Seems fitting for the day!
On November 24, 1713, Miguel Jose Serre i Ferrer, son of Antoni and Margarita, was born in Petra, Mallorca, Spain and baptised at San Bernardino Church.
Junípero Serra took his baptismal promises very seriously and lived them to a heroic degree. He knew struggle and overcame them, giving all thanks to the “light [that] shines in the darkness” (Jn 1:5).
Serra’s life is a miracle. He was not even expected to live a few days. We know this because of his baptism—just hours after he was born. He went on to be a great academic in Mallorca, Spain, but heeded the call to be a missionary abroad. He left the comforts of home and knew he would never return. By the time he set foot in present-day California he was a very old man. He was 5’2”, short even for his day, traveling thousands of miles mainly by walking (on an often ulcerated leg), was asthmatic, and averaged 4-5 hours of sleep a night. He would struggle against all odds to bring the gospel to this corner of the world. He ended up living 70 years, twice the average lifespan for his day. He is still studied some three-hundred plus years after his birth.
I went on my own personal fifteen year quest to get closer to the truth about the eighteenth century Hispanic Franciscan priest. Throughout the process my understanding and appreciation of Serra was truly deepened. I was able to see Serra in a clear, concise way and as one I walk humbly with on my faith journey. His story includes powerful witness to love, mercy, courage, perseverance, fidelity, sanctity, dedication, pain, joy. In my research I uncovered the powerful witness of Sister Dyrda, the nun miraculously cured in 1960 of lupus after praying to Serra. Thomas G. Keene of the San Francisco Chronicle interviewed her September 16, 1987 at Carmel Mission Basilica, the day before Pope John Paul II’s visit. She said, “I only know that he [Serra] was a very saintly man and I pray to him every day.” She then walked over to the thirty Native Californian protesters and prayed with them.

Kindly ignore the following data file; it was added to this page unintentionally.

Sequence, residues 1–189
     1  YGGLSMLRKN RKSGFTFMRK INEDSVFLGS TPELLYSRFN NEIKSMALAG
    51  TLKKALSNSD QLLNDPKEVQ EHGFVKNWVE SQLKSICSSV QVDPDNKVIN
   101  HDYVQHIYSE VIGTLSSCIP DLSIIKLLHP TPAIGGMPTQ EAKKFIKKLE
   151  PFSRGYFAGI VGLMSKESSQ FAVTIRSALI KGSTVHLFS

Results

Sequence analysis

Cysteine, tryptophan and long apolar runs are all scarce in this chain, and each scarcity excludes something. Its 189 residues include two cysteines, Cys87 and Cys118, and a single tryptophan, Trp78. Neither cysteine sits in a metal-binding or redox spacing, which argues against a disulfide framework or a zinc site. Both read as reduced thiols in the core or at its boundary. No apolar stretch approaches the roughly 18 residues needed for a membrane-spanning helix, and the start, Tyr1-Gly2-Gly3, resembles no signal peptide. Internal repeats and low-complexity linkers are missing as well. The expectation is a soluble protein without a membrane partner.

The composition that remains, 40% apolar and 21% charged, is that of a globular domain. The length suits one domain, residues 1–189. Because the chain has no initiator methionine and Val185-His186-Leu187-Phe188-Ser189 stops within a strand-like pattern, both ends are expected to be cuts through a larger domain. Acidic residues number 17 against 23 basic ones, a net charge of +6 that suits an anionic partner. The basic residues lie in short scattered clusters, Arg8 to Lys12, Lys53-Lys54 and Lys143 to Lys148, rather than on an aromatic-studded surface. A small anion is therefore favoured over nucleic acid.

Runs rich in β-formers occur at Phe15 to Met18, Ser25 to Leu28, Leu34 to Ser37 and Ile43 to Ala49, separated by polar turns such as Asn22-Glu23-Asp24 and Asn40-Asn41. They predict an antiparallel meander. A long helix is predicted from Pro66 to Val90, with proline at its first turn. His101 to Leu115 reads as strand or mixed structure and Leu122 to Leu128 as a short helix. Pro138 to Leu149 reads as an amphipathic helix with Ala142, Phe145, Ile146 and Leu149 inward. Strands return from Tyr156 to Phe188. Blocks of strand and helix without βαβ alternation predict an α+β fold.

When Pope Francis announced the canonization of Junípero Serra in January, I followed media reports very closely. Some opposed his canonization—like the California Senators who supported the removal of the Junípero Serra statue at the U.S. Capitol, a Monterey city councilwoman going on record opposing Serra’s sainthood (she incorrectly referred to him as Sierra multiple times), and people who have referred to him as the Devil, Himler, and a white supremacist. They have also reported on the reasons why Pope Francis refered to Serra as the “Evangelizer of the West”, Bishop McElroy of San Diego a “foundational figure”, and Governor Jerry Brown “ . . . one of the innovators and pioneers . . .” in California history.
How does one make sense of all this?
When Junípero Serra was canonized at the Basilica of the National Shrine of the Immaculate Conception, the national and patronal Catholic Church of the United States, in Washington, D.C. on September 23, 2015, the Church was not celebrating the catastrophes that came with cultural exchange, but a man who rose above the norms of his day and lived a life well-lived—one devoted to Christ and love of neighbor.
Serra’s life was not so black and white. Someone left this review online of my treatise on Serra; “A short primer that leaves me wanting to know more about Junípero Serra.” I pray that more will want to learn about the man I call a great friend. He will inspire.
Saint Junípero Serra, pray for us!
Christian Clifford is the author of Saint Junípero Serra: Making Sense of the History and Legacy. He teaches high school theology in San Mateo, California. For more information, visit www.SaintSerraBook.com.